Printer Friendly

FISC Jacksonville L6S Black Belt project improves SIT.

Fleet and Industrial Supply Center Jacksonville (FISCJ) recently completed another major Lean Six Sigma (L6S) Black Belt project.

Aimed at dramatically improving processing time, saving money, and ultimately reducing SIT write-offs for the Fleet Readiness Center Southeast (FRCSE), the multifaceted project ended in November.

Although complete, the project's performance will now be monitored for three to six months to ensure that the implemented changes remain in place and continue to be effective at improving performance.

While the project's end results are in and of themselves noteworthy, the cooperation and teamwork employed during the project set a new standard for FISCJ's L6S program.

FISCJ recruited and utilized SIT team members from the Naval Inventory Control Point Philadelphia (NAVICP), FRCSE, and the Defense Logistics Agency (DLA). The anticipated results of their efforts will reduce SIT losses for FRCSE by 70 percent and position the Navy to avoid an estimated $3.4 million in associated costs in FY 08.

The team's focus centered around the SIT program's receipt process. Upon receipt of a NAVICP-issued asset, FRCSE is responsible for its timely repair and/or modification. The assets in this process (i.e., en route to and from the DLA storage facility and the repair site, in this case FRCSE) are referred to as SIT.

Management of SIT assets are accomplished in the Commercial Asset Visibility Organic Repairs Module (CAV ORM) tracking system. This system is where all transactions are made when opening and closing the SIT loop while the items are cycling to and from the repair facility. Any assets lost during transit or while in the repair process have the potential to be written-off.

FISCJ's project developed a standardized process to aid in reducing the SIT write-offs plaguing FRCSE's components program.

The successful implementation of this project will enhance Fleet readiness, increase asset visibility, and foster an improved multi-agency communications chain, as well as realizing potentially millions in cost avoidance.

In FY 06, NAVICP issued 24,304 assets to FRCSE for repair/ modification. With NAVICP intervention, researching and resolving frustrated SIT, less than one quarter of a percent of these assets (33) were written off during that fiscal year. For most processes, these numbers would fall within acceptable parameters, however, since these assets are high dollar mission critical repairables, these numbers garner a lot of attention and represent millions of dollars. For this reason, FISCJ launched its L6S project in early FY 07.

Through the project's investigation and process review, the team identified four main arteries in which assets filtered into the FRC for the repair/modification process.

After analyzing the different flows, the multi-agency team determined that the unavailability of Proof of Shipment (POS) signatures on the shipping documents and lack of posted receipt actions to the tracking system (CAV ORM) proved to be the root causes for approximately 70 percent of the SIT write-offs.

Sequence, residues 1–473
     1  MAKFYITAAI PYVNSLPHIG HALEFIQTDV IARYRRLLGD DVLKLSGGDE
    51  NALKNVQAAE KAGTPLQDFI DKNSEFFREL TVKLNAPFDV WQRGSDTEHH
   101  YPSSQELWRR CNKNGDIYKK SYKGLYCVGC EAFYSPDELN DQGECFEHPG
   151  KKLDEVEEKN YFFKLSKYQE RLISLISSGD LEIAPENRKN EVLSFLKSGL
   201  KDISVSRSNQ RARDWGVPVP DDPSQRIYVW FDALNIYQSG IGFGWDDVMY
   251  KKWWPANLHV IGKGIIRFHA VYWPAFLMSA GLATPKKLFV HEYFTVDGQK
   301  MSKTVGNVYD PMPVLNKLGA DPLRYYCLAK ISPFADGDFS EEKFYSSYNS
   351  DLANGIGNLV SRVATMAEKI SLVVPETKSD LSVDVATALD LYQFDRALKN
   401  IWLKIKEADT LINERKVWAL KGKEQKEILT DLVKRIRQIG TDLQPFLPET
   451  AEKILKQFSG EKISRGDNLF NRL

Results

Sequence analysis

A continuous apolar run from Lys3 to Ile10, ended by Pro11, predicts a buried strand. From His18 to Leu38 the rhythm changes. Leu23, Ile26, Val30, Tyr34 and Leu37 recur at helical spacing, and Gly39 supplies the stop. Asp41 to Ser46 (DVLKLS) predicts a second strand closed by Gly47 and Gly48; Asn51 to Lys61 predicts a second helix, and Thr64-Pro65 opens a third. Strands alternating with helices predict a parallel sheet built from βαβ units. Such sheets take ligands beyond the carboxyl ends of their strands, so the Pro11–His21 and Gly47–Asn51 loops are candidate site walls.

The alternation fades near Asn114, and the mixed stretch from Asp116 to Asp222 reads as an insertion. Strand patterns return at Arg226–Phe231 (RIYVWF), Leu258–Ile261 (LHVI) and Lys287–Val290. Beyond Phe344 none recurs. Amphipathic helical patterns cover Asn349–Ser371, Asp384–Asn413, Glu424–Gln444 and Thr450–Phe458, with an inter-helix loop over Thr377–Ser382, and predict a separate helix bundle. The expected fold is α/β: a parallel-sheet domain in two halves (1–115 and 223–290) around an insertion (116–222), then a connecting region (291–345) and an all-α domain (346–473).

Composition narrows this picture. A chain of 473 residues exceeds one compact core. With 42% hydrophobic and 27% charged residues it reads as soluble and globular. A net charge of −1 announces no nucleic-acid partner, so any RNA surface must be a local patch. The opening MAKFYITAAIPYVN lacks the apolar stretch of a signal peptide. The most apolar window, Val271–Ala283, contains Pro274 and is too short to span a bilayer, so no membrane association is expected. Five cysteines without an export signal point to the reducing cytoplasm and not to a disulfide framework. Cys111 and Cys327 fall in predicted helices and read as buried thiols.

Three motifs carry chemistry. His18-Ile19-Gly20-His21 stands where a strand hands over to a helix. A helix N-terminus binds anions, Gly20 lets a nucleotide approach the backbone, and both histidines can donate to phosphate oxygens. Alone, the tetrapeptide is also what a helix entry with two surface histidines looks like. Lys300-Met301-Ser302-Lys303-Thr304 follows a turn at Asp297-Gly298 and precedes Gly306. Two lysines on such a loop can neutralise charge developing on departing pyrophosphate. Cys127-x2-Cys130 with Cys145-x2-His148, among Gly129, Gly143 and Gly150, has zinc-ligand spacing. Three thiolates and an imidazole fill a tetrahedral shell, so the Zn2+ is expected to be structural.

The team's final solution mirrored the business methodologies currently being utilized by FRCSE to process their F and E condition assets (F/E) assets. To accomplish this, NAVICP assigned a unique Unit Identification Code (UIC)/Resource Identification Code (RIC) to process customer service work (i.e., asset repair work) to FRCSE. This clearly dictated the flow, closed the SIT loop, provided continual asset visibility, and standardized the induction of assets into the FRCSE's repair process.

By mirroring the F/E process, the team was able to remove an unneeded layer of administration from the receipt process. Additionally, this solution enables the direct shipment of assets from DLA to the repair facility, and thus aiding in the reduction of the asset's critical cycle time.

In the end, the SIT team ultimately achieved success by utilizing L6S methodologies and applying solid analytical skills. However, teamwork and cooperation served as the imperative force multipliers that led to the effective development and implementation of the solutions that resulted in a dramatically improved SIT program enhancing Fleet readiness.

Rick Toups, L6S Black Belt, FISC Jacksonville

Rick Toups was a Contract Surveillance Representative with FISC Jacksonville prior to certification as a L6S Black Belt.
COPYRIGHT 2008 U.S. Department of the Navy, Supply Systems Command
No portion of this article can be reproduced without the express written permission from the copyright holder.
Copyright 2008 Gale, Cengage Learning. All rights reserved.

Article Details
Printer friendly Cite/link Email Feedback
Author:Toups, Rick
Publication:Navy Supply Corps Newsletter
Date:Mar 1, 2008
Words:672
Previous Article:Commander, Navy Region Southeast visits FISC Jacksonville.
Next Article:FISC Yokosuka looks toward the future with 'operationalization'.

Terms of use | Privacy policy | Copyright © 2021 Farlex, Inc. | Feedback | For webmasters